Dry Amazon, dry world?
Whisper this in case you're near any BBC managers looking to cut costs - just occasionally this job gives you experiences so special that, to be honest, you would have paid for them willingly.
A little over two years ago I had one of those experiences: a week in the Amazon making a BBC World Service radio documentary about sustainable forestry - what it means in the Brazilian context, how it's being implemented, and whether it can work.
It's a part of the world I hadn't visited before and, as usual in these situations, some of the people you meet are as special as the places you see - a cousin of the noted activist Chico Mendes, for example, who makes a living by collecting Brazil nuts and other things that the forest provides.
We met a female timber magnate who'd come from a family of dodgy loggers but who was trying to "go straight", a state premier who'd established a nursery growing saplings of Amazonian trees for replanting, and environmental campaigners passionate about making forestry sustainable but equally adamant that their state produced the best beef in the world (and it really was good).
Perhaps the least expected encounter was with a scientist from the US, Foster Brown. He's worked in the region for many years now and was writing a report on the wildfires that sprang up in unusually large numbers in 2005. The fires coincided with a period of very low rainfall in Acre province - drought, in fact, with rain virtually absent for months.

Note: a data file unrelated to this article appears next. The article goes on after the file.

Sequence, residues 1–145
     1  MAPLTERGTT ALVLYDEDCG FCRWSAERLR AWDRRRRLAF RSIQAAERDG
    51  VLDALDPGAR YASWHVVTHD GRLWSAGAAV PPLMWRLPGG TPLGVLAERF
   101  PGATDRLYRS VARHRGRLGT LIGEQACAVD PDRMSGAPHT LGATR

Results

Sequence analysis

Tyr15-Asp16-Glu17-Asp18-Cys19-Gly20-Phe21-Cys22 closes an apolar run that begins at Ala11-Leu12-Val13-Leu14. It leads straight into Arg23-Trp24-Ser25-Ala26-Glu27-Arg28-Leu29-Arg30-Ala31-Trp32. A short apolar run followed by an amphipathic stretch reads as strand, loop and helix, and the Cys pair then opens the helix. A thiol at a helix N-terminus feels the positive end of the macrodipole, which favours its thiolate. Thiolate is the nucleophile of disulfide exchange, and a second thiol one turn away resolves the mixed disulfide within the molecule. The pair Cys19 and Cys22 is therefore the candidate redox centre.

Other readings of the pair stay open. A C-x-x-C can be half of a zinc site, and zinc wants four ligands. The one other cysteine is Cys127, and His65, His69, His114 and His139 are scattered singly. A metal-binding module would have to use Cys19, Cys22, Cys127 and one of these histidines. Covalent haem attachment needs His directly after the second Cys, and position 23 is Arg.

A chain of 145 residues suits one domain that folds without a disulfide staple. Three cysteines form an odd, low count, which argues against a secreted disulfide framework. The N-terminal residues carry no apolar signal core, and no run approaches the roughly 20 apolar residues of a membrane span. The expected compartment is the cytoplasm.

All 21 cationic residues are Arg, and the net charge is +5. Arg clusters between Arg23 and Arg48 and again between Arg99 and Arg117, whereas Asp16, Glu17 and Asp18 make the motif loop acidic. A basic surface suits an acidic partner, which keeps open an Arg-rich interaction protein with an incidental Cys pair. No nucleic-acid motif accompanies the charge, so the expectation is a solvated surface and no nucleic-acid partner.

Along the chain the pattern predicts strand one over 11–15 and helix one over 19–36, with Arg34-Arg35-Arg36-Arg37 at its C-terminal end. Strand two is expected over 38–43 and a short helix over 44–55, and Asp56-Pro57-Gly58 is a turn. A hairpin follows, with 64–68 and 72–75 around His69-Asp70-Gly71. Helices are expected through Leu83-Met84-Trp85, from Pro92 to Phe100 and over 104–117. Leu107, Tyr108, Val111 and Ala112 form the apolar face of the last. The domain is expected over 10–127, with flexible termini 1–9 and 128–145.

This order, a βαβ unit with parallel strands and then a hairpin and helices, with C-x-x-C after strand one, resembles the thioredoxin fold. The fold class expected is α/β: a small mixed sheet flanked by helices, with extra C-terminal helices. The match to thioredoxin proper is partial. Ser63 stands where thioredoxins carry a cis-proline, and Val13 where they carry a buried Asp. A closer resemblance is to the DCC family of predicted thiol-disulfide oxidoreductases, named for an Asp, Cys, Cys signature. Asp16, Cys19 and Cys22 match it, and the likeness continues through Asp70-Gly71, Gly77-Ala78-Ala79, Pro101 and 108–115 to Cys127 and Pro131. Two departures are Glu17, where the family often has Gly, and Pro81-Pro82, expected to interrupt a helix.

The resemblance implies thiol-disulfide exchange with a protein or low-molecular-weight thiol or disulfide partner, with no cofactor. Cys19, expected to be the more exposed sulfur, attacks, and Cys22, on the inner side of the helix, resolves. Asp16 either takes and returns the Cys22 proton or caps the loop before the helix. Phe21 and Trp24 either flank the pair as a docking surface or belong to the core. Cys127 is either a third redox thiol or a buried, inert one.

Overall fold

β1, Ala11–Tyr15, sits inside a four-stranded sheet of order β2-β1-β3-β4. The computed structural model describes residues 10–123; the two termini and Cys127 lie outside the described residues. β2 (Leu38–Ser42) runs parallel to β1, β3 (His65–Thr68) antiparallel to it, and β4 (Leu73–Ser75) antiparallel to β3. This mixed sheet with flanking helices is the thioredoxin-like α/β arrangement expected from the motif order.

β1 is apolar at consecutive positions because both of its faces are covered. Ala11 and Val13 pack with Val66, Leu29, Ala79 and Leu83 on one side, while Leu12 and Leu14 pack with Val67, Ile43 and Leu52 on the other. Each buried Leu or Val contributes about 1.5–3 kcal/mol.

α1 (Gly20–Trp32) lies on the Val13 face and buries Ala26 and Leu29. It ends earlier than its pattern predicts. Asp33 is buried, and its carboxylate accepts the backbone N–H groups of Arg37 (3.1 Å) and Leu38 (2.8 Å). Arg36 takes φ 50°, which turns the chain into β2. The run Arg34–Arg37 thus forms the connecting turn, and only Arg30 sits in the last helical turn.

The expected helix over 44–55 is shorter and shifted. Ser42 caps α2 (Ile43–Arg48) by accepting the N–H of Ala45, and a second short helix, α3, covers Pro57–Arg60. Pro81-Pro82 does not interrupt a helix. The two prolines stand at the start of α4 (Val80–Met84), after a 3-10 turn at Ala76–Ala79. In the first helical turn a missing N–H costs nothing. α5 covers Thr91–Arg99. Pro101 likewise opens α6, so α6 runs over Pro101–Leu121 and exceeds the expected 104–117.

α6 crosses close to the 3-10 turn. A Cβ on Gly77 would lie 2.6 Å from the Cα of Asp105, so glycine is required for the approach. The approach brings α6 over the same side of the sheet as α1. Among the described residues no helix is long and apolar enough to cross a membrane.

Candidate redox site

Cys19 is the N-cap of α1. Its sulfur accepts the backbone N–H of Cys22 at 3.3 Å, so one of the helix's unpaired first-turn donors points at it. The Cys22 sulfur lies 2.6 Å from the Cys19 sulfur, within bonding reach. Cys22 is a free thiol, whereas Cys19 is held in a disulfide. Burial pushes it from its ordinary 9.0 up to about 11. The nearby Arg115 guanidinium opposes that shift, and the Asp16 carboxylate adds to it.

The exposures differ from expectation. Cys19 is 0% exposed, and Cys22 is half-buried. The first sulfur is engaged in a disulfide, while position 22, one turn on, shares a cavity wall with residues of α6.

I pinched myself to remember where I was - in the middle of the Amazon basin, a region that's a byword for the verdant ebullience of nature, in something that's called, let us remember, rainforest.
Acre has had dry seasons quite regularly in fact, many of them related to the El Nino/La Nina cycle in the Pacific Ocean some 800km (500 miles) away. What made this one different was that, for the first time in living memory, villagers complained of not being able to get enough water.
Two things had changed from previous dry periods. More and more people were living in the region, partly as a result of the local population growing and partly because of the government's decades-old policy of "settling" the Amazon and making the region economically productive.
The expanding population in turn meant more mouths thirsty for water, more land cleared of its natural water-conserving vegetation for cattle-ranching, more water consumption by that cattle, and consequently a landscape through which fire could travel more rapidly and easily.
The result in 2005 [pdf link] was an estimated $50m of direct economic losses and a state of emergency declared in three provinces.
It struck me that here in the Amazon we had a microcosm of the factors that mean more and more societies around the world are having to think about water harder that they've had to before.
The issue isn't population growth or economic development or climatic factors - it's all of them.
Some regions and some societies are more capable of adaptation than others, of course; and while economic development can cause shortages, it can also be a way to overcome shortages.
But who should own water, and how should it be managed to make sure that economic progress leads to cleaner and more reliable supplies rather than depletion?
Certainly, water is far too complex a topic for a single blog post. So it's lucky that - as if by magic - I can refer you to a series of articles that Clare Davidson, a colleague who covers business affairs for the BBC website, and I have written and commissioned.
We'll be rolling them out over the next two weeks - here's the first - and I'd be most interested at any stage to chat here about the issues raised.